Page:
Want to see something that makes scientists gasp? Feast your eyes on this video, showing a direct observation of CRISPR-Cas9 munching up a piece of DNA. In real-time.
It's behaving exactly how scientists predicted CRISPR edits DNA, but this grainy video is the first time a direct observation of the process has been made.
The video was shown to a group of scientists at the CRISPR 2017 conference in Big Sky, Montana in June, by structural biologist Osamu Nureki of the University of Tokyo.
"I was sitting in the front, and I just heard this gasp from everyone behind me," biochemist Sam Sternberg told The Atlantic. Watch it yourself here:
Single-molecule movie of DNA search and cleavage by CRISPR-Cas9. pic.twitter.com/3NQxmbvzJF— hnisimasu (@hnisimasu) November 10, 2017
CRISPR-Cas9 has been making waves in recent years as a tool for editing genomes. It consists of a family of DNA sequences that forms part of the immune system of bacteria.
When CRISPR is filled with virus DNA, it copies it into short RNA sequences called 'guide RNA'. Cas enzymes will follow the guide RNA through cells, and when it finds DNA that matches the guide RNA, it destroys it by cleaving it - like a pair of molecular scissors.
In 2012, scientists demonstrated the potential of the CRISPR-Cas9 system. By intentionally encoding CRISPR with specific DNA, the system can be used for highly targeted genome editing.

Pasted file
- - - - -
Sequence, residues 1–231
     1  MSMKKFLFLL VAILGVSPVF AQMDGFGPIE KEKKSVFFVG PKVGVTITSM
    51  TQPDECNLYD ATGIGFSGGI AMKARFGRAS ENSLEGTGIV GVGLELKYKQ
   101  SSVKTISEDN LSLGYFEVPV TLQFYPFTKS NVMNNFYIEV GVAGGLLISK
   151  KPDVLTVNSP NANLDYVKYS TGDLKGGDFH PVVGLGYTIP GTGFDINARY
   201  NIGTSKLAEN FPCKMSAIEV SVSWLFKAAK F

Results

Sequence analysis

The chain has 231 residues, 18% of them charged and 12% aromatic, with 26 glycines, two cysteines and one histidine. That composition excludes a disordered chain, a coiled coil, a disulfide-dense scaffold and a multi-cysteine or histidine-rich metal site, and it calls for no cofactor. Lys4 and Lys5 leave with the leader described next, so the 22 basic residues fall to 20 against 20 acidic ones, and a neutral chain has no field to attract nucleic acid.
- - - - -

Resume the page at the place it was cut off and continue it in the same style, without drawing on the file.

It's been proven to work on many species, and so far has been used to treat a genetic disease in mice, change the colour of a flower, eliminate HIV in living animals, slow the growth of cancer cells, and remove a gene that causes heart disease from human embryos.
But directly observing CRISR in action had never been done until now. Scientists know it works, because they get results, but the mechanism whereby it works has, until now, been essentially hypothetical. What is happening is simply too small for normal imaging methods.
To get around this problem, Nureki and his team used a technique called high-speed atomic force microscopy. An atomic force microscope consists of a very sharp-tipped probe on the free end of a cantilever. The probe lowers towards the surface and deflects away, over and over.
As it does this, a laser detects the slight changes of the deflections of the cantilever as it moves over raised surface features. These are recorded to create an image of what the probe is scanning.
One of the researchers on the team, Hiroshi Nishimasu, posted the video to Twitter. The yellow blob is Cas9, the brown strands are DNA. It takes CRISPR-Cas9 an order of seconds to cut through the DNA strand once it has cleaved to it.
That grainy, blobby, 10-second video? It's one of the most amazing scientific images we've ever seen.
The research has been published in the journal Nature Communications.